Ray takes a liking to a recliner seat at a yard sale, but soon he discovers the piece of furniture — banished eventually by his pregnant wife to the garage — is actually a time machine.
But this time machine can only go back in time by one minute. Ray exploits his feature as much as possible, helping him bet on races and drink more beer, much to his wife’s exasperation.
But at one crucial moment, his time machine offers him a do-over at an important point in his life. But it has unforeseen consequences, putting him face-to-face with his choices — and giving him a second chance in an unexpected way.
Writer-director Dave Redman’s clever comedy has a fun, quirky conceit at its center, which it explores with great wit and cleverness. Starting with its lean, focused script and nimble editing, the film bubbles along in its first half, its pacing matching Ray’s blithe enjoyment of his time machine — but also to the exclusion of everything else, like preparing for a new baby.
His wife becomes increasingly concerned and frustrated, which leads to a turning point in their relationship and a difficult truth to face. But it’s also the impetus for Ray to face himself, change his ways and then, with the help of his time machine, take action to rectify his mistakes.
With the movement of the film’s emotional arc, the film takes a surprising turn near its second half, as Ray comes face-to-face with his behavior and its effects on others. The style shifts into more of a high-stakes drama with surprisingly propulsive action, complete with pulse-pounding score and dynamic camerawork.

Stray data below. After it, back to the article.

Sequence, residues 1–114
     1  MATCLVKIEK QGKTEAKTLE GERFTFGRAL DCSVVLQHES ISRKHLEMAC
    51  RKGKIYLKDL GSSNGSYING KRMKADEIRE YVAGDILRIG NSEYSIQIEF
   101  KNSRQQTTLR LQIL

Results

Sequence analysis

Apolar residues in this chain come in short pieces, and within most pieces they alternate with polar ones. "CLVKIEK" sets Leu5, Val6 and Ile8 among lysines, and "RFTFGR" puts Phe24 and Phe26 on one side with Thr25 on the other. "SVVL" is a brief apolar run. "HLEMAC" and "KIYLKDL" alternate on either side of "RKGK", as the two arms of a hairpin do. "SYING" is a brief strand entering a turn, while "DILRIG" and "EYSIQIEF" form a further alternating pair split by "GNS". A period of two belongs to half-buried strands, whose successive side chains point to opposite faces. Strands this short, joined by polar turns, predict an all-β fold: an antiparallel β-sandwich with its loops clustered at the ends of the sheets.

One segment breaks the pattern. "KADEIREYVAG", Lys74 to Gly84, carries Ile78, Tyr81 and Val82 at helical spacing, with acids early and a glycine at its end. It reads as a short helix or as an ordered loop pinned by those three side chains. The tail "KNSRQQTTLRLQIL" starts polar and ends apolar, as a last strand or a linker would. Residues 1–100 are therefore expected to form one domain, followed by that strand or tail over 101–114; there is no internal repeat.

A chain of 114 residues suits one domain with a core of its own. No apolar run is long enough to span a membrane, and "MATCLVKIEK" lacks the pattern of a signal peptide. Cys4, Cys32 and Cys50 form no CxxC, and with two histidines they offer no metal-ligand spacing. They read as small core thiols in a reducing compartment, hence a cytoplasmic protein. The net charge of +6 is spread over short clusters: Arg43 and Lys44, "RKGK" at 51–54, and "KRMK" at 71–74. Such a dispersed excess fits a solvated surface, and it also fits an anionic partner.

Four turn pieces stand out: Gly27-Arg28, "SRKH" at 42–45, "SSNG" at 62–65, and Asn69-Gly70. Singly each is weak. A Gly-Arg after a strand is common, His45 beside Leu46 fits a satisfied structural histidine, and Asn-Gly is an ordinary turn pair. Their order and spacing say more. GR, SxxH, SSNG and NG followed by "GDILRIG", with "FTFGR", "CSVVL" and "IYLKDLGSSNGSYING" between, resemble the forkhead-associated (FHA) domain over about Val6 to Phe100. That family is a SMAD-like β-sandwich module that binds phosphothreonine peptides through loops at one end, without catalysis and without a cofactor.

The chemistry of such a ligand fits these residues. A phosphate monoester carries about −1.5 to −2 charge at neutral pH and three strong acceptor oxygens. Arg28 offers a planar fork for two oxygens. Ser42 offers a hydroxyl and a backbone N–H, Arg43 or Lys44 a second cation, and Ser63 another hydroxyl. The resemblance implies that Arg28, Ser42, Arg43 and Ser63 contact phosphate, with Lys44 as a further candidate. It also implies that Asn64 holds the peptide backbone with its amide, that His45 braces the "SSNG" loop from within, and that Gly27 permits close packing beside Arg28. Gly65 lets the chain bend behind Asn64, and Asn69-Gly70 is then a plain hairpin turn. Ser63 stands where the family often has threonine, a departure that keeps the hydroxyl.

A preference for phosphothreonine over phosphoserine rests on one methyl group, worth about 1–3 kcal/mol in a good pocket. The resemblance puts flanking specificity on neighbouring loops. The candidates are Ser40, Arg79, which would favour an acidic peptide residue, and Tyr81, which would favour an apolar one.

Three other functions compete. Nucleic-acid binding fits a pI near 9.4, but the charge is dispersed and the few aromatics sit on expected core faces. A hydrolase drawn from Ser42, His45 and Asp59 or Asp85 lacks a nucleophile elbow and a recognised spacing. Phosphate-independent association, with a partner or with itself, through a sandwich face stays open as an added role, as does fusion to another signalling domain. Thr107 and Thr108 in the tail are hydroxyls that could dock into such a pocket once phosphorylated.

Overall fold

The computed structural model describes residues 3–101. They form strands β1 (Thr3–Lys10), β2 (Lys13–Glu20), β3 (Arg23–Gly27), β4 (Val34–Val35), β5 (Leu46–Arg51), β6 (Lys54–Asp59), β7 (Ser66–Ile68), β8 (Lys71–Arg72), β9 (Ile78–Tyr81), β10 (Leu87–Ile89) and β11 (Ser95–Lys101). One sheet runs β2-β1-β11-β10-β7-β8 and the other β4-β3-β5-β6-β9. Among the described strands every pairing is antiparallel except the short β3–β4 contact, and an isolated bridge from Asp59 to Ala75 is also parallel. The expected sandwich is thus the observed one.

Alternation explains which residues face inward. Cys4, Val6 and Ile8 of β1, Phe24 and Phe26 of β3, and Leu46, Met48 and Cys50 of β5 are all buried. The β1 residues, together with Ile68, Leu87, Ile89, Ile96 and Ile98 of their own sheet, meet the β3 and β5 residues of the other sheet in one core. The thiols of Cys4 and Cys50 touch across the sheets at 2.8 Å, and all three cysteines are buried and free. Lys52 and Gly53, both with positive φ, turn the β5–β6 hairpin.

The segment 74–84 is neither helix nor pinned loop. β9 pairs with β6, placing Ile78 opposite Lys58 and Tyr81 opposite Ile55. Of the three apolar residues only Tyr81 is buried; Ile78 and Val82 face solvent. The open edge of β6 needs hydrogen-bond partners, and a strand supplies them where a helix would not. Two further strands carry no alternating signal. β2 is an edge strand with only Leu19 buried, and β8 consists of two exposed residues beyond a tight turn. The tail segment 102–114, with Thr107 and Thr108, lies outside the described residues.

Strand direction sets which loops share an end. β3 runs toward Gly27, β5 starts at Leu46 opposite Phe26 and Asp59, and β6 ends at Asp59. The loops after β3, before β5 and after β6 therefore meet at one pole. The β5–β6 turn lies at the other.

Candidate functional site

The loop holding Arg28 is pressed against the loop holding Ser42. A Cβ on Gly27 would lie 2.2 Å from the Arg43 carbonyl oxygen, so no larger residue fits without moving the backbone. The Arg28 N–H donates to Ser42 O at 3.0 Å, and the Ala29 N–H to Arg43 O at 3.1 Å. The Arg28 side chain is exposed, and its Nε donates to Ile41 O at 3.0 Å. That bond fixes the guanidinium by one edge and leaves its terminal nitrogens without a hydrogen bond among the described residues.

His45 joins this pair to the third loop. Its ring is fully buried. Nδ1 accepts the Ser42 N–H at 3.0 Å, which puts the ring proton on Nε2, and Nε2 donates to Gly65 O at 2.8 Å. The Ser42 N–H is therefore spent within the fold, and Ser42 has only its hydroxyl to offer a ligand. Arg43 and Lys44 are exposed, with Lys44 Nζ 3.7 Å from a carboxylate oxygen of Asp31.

What blends the two halves of the film are the effective performances and their consistent characterization, which are played for subtlety and realism instead of screwball antics. Ray’s reaction to his discovery of a time machine is both disbelief and delight, but it’s played as if on the same continuum as any other “man cave” escape, like playing an immersive new video game.
Equating the time machine as just another giant toy for Ray to play with and underplaying its powers offers many laughs. But the central motif of the film begins to shift in meaning along with Ray’s character arc, leading to a genuine shift in his development that feels logical and consistent within the film’s parameters.
“Lazy Boy” is a double entendre of a title, and the short has plenty of laughs and fun with its exploration of time travel, along with its portrait of oblivion in the face of life-altering change. But it’s also a surprisingly serious examination of what it means to grow up, embrace responsibility and even become a father who must learn to put others before himself.
It’s a rare comedy that, in fact, begs to be a little longer, with just a bit more time for Ray to internalize his insight and take final action. As it is, “Lazy Boy” points out — in a hilariously literal fashion — that sometimes it takes just one minute to reset our words and actions, and take responsibility for the life we’re creating today.